The New Age movement draws from a rich repository of alternative spiritual traditions in the western world ranging from metaphysics to mysticism, uniting these disparate influences under a common banner of self- and world-transformation. Chief among those spiritual traditions that served as influences for the New Age are three 19th-century new religious movements that scholars group together as "metaphysical traditions": New Thought, Theosophy, and Spiritualism. As the New Age developed, it not only drew theological concepts from these traditions but also new adherents from their organizations. Many of the first New Age gatherings developed directly out of these groups, most notably the early study groups for the New Age text A Course in Miracles, which met in the New Thought centers operated by the Unity School of Christianity. In addition to these three 19th-century precursors, the Asian religious traditions of Hinduism and Buddhism and the concurrently-developing transpersonal psychology movement also served as influences in the New Age movement. The 19th-century natural foods movement, with its emphasis on purity, internal cleansing, and unorthodox medical treatments, overlapped considerable with New Thought, Theosophy, and Spiritualism.
The 19th-century new religious movement known as New Thought splintered from Christian Science during the 1880s, eventually spreading throughout North America and Britain. Like Christian Science, New Thought declares that the spiritual rather than physical comprises the fundamental nature of the world, and that the power of the mind can change that world. Consequently, New Thought teaches a form of spiritual self-development that aimed to develop the human being and construct a better reality. Practices tend to emphasize healing, spiritual evolution, and the development of prosperity. The largest of the New Thought denominations during the 20th century, Unity School of Christianity, helped birth the New Age movement by hosting many initial gatherings of New Age practitioners. Both of the cardinal theological perspectives of New Thought-the power of the human mind and practices of self-development-flowed directly into the New Age.
New Age's second major influence, Spiritualism, similarly developed during the 19th century. Spiritualism aimed to prove scientifically the postmortem continuation of human existence through the direct communication with the spirits of the departed. It also championed progressive social reform, most notably feminism. Though Spiritualist séances often focused on bridging the divide between the living and their departed friends and family, over time Spiritualist mediums increasingly spoke for the spirits of great spiritual saints and teachers. The New Age did not directly borrow specific Spiritualist mediumship techniques, such as trance writing and voice alteration, but made use of the underlying assumptions that a living human being might speak for a great spiritual master. Like New Thought, the New Age also drew adherents from Spiritualism. During the 1970s, many professional mediums even began to refer to their practices as New Age channeling rather than Spiritualism.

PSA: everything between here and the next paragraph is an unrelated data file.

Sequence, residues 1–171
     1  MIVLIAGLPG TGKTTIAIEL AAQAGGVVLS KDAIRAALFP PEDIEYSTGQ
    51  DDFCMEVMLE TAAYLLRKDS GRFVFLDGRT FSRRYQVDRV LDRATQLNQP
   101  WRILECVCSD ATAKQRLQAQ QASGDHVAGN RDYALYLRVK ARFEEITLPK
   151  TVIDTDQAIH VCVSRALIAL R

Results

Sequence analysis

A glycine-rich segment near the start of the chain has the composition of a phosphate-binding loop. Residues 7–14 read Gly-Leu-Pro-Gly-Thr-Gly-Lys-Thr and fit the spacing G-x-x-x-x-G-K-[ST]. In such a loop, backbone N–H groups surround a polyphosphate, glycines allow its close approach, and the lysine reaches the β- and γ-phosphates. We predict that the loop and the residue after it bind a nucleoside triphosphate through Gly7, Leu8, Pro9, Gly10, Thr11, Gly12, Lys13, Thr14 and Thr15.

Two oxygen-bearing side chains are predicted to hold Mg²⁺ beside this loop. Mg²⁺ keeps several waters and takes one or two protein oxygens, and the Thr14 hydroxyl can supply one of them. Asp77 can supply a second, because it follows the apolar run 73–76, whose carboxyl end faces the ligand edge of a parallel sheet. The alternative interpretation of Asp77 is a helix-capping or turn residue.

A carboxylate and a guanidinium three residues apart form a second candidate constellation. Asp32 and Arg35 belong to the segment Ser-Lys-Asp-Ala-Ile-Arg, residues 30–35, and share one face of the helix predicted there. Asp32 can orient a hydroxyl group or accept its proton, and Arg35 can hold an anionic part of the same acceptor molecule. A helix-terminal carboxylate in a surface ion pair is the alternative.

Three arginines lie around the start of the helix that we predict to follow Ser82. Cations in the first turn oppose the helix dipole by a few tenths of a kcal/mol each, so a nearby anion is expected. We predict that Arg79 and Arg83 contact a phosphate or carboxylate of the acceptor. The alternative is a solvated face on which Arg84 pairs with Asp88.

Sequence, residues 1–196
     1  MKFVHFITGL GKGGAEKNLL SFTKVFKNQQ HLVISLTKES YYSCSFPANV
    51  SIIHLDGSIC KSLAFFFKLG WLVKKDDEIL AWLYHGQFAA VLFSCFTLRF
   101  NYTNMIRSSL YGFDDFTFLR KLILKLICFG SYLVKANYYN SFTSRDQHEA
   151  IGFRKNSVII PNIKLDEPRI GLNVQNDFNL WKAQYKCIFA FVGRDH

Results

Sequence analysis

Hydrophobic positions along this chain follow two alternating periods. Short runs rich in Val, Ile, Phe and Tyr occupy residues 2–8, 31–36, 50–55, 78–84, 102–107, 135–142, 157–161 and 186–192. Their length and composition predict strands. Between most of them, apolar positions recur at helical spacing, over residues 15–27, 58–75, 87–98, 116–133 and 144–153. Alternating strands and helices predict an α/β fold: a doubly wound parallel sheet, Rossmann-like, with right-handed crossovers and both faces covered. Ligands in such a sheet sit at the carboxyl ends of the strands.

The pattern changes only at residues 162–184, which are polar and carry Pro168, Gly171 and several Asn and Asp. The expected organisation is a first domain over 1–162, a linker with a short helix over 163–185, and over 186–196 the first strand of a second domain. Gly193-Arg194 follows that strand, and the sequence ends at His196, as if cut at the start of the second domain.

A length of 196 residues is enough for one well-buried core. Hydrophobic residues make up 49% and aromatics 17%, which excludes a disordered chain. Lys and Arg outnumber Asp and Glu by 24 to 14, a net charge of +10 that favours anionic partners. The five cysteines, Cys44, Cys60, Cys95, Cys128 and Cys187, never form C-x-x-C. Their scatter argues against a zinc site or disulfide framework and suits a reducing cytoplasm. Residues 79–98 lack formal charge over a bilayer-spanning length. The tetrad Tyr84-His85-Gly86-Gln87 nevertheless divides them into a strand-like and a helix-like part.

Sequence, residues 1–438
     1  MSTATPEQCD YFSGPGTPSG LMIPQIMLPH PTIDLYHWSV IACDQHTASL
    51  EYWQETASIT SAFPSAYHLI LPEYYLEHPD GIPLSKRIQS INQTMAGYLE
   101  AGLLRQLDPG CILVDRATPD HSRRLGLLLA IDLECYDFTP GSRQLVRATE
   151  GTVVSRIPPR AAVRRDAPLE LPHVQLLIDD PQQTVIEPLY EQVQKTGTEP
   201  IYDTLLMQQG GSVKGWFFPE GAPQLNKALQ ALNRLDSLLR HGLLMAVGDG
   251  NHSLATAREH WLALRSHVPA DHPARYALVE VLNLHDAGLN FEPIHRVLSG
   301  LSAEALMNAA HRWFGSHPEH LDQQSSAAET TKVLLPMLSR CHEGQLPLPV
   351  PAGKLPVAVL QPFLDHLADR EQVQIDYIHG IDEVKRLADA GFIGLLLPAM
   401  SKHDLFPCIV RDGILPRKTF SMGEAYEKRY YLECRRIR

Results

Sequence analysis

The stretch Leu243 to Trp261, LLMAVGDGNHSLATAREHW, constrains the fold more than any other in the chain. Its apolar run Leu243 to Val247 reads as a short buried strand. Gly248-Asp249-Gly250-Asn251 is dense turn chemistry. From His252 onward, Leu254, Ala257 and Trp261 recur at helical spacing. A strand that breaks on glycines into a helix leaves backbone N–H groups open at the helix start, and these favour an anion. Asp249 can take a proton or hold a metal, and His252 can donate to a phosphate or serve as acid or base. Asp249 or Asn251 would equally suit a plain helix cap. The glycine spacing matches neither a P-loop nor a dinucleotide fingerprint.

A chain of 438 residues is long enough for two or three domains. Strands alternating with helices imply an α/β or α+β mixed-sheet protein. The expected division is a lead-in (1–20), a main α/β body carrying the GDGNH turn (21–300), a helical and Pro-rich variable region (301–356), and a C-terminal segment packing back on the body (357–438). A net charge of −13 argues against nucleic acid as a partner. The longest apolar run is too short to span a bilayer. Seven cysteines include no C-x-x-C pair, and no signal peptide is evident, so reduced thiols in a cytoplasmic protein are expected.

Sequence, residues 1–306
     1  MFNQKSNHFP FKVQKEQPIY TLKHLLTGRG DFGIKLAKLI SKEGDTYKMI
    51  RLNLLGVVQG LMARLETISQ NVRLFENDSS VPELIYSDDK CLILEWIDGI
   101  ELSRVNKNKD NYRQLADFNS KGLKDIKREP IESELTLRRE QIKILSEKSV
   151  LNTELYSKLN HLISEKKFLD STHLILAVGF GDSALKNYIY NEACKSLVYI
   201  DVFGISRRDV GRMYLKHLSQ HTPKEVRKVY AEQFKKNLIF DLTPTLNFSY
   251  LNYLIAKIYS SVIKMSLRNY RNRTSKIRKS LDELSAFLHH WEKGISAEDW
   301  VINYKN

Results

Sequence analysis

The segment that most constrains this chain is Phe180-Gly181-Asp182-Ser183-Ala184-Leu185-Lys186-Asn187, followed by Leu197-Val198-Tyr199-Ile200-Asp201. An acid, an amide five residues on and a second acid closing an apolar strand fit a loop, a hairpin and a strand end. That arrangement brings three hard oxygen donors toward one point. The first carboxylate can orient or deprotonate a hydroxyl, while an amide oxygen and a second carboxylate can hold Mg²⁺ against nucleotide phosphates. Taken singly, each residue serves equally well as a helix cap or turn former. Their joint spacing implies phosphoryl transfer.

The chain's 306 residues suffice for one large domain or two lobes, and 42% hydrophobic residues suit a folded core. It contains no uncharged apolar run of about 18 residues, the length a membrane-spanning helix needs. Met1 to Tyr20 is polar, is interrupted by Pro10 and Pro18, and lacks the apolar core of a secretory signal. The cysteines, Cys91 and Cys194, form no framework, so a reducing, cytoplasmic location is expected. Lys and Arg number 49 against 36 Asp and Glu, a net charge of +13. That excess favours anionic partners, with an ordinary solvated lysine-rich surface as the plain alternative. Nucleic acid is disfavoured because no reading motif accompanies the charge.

Theosophy, New Age's third 19th-century influence, contributed an interest in world religions, comparative mysticism, and an evolutionary mindset to the New Age movement. The Theosophical movement aimed to unite all religious seekers under what they called a single "brotherhood of humanity" dedicated to free religious exploration. In practice, Theosophists sought to introduce concepts drawn from Asian religious traditions, such as karma and reincarnation, to the western religious world. Through the prevalence of Theosophical periodicals and regional Theosophy Societies, these ideas filtered through to the New Age. Twentieth-century New Agers continued to look to Theosophy co-founder Helena Petrovna Blavatsky's (1831-1891) Isis Unveiled (1877) and The Secret Doctrine (1888) as sources of religious inspiration and truth. Specifically, Theosophy's notion of a series of past lives that progressively lead toward an evolution of self-awareness became a major part of the New Age worldview, which envisions human development as just such a progressive evolution. As with the other two 19th-century influences, members of Theosophical societies and reading groups often adopted New Age identities during the 1970s and 1980s.
Several 20th-century influences also contributed to the New Age. Most notably, the dispersion of Hindu and Buddhist texts and the arrival of Asian religious missionaries during the late 1960s and early 1970s contributed a set of theological categories and practices to the New Age. The Indian yogi Swami Sivananda's (1887-1963) books on yoga practice and his disciples' world tours brought the practice of yoga to the West, where it became one the hallmark features of the New Age. Hindu and Buddhist meditation techniques similarly influenced the New Age, introduced by a wide variety of gurus, sensai, and swamis who taught on American and European shores during the 1960s and 1970s. Though some Americans would join particular Hindu or Buddhist sects, notably the Gaudya Vaishnavism of the Hare Krishnas and numerous Japanese Zen lineages, many more New Age practitioners adopted individual practices and concepts from these Asian traditions.